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India ups stake as African resource scramble heats up

AFRICA has never been at the centre of such attention since the European powers divided the continent in the 19th century. However, recent oil and gas discoveries there promise a renewed scramble – this time from Asian state-owned oilies, with two of India’s state-owned companies poised to make Asia’s single largest investment in Africa. <b>By Gomati Jagadeesan</b>

Staff Reporter
India ups stake as African resource scramble heats up

The latest block up for grabs is a 20% stake in the Anadarko Petroleum-held Rovuma-1 gas field offshore Mozambique. While US oil and gas explorer Anadarko is looking to sell 10% of its stake, India’s Videocon Industries is planning to offload its entire 10% stake.

The bidding process closed mid-March and press reports suggest the stake received huge international interest, including from Royal Dutch Shell, which last year lost a bid to buy London-listed Cove Energy’s 8% stake in the same field to Thailand’s PTTEP.

While Shell is seen to be trying its luck once again, it has emerged that India’s state-backed Oil and Natural Gas Corp and Oil India are the leading joint bidders for the Anadarko-Videocon stake.

Deal observers say the 20% stake in the Rovuma-1 offshore block could be worth $5 billion to $6 billion. A successful bid by the Indian duo would make it the largest Asian investment in Africa in five years.

While many say the valuation is not cheap, the deal dovetails into India’s growing ambitions to import more liquefied natural gas to meet its burgeoning domestic demand.

Mozambique is estimated to have 250 trillion cubic feet of gas reserves, according to data from the country’s state-owned oil exploration company. Rovuma-1 itself is estimated to hold 70 trillion cubic feet of natural gas, which is considered to be more than Libya’s proven deposits.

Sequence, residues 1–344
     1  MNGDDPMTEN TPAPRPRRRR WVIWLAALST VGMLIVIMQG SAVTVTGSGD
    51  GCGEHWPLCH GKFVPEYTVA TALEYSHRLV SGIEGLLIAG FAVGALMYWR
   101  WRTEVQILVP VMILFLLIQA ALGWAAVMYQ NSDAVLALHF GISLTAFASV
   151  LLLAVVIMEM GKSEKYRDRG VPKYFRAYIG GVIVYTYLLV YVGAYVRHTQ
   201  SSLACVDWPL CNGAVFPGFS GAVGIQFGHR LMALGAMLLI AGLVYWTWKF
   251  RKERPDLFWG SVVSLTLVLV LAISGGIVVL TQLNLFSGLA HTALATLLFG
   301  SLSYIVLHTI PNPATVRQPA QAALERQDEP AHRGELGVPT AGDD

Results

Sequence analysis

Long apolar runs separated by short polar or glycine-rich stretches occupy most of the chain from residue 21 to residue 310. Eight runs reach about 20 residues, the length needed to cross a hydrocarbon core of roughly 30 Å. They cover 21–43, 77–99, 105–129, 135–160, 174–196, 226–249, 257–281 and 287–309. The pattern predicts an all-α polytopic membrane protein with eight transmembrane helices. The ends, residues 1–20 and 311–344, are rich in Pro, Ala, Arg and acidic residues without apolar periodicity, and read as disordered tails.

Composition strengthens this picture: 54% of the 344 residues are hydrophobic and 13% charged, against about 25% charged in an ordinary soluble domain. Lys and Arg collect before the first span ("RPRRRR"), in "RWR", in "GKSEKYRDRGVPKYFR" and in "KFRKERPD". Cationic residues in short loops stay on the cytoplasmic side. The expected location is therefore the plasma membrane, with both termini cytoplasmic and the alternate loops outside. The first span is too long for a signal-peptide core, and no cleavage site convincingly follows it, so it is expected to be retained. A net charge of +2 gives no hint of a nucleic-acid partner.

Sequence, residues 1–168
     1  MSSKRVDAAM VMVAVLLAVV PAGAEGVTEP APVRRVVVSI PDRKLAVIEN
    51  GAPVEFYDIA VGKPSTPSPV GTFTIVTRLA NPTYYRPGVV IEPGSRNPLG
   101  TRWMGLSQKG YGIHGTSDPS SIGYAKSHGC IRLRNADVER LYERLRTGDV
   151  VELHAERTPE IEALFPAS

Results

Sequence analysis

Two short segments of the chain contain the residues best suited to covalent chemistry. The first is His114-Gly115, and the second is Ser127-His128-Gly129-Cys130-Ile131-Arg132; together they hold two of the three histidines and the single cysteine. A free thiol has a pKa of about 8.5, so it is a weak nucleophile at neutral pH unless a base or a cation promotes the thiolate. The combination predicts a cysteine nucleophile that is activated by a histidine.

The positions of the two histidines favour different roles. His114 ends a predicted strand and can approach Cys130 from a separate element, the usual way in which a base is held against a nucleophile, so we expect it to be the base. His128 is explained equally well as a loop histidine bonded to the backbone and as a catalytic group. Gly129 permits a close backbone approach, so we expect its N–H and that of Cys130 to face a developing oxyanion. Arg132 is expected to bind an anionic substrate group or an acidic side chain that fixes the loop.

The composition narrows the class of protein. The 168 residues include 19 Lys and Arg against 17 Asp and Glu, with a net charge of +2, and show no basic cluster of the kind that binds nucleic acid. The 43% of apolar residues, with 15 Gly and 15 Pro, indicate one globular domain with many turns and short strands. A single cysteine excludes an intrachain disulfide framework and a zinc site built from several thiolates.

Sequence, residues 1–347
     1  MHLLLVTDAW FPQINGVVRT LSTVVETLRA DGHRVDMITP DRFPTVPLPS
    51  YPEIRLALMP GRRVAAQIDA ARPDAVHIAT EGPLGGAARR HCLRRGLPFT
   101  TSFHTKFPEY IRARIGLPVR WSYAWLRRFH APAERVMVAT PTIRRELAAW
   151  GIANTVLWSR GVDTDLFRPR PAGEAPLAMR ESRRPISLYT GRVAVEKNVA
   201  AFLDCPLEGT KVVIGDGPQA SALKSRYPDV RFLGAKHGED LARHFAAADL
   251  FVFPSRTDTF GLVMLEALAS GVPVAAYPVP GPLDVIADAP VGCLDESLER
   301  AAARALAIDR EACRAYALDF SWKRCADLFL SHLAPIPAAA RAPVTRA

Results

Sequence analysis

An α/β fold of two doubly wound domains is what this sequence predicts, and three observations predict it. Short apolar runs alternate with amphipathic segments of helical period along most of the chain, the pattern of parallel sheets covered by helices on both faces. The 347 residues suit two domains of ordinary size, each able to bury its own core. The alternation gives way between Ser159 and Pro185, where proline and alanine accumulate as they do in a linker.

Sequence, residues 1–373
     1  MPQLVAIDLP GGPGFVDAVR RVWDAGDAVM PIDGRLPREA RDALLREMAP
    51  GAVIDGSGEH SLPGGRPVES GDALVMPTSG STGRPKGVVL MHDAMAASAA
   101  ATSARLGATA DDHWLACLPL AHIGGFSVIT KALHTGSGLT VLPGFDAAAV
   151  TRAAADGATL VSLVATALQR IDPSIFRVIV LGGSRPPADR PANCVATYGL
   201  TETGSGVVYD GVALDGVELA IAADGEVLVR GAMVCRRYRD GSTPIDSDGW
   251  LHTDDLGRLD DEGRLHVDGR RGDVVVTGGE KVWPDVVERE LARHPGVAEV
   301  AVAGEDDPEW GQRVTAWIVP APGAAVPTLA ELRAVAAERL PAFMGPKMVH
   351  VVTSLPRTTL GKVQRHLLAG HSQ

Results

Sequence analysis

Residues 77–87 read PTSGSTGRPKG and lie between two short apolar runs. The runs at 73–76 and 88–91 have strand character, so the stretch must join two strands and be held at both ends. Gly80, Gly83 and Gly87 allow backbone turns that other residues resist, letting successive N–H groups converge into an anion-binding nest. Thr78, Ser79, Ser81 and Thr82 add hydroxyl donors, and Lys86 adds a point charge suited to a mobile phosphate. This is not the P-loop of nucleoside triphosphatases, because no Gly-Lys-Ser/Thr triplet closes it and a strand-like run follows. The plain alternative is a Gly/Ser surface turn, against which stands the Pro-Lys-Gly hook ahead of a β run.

The project could become one of the largest-ever LNG developments to not have an energy supermajor at its helm.

It has a planned LNG capacity of 20 million tonnes per annum, with five trains envisioned, and may become the second largest project after Ras Laffan in Qatar, which has ExxonMobil as a partner.

The Indian interest follows a spate of Asian state-owned company stake acquisitions in Africa spurred by a national interest to secure energy supplies.

Any Indian buy would mark the third time in less than a year that an Asian state-owned company has signed a deal. Most recently, China National Petroleum Corporation made its biggest foreign investment, paying Italian oil major ENI $US4.2 billion for a share in the nearby gas field dubbed Area 4.

While this is the first time an Asian state backed company has taken an interest in an LNG stake, with CNPC holding 20% of the block, Asian companies collectively hold 24% of LNG projects in Africa.

India seems to be following China’s lead and is joining a chorus of Asian majors joining the race to secure African resources.

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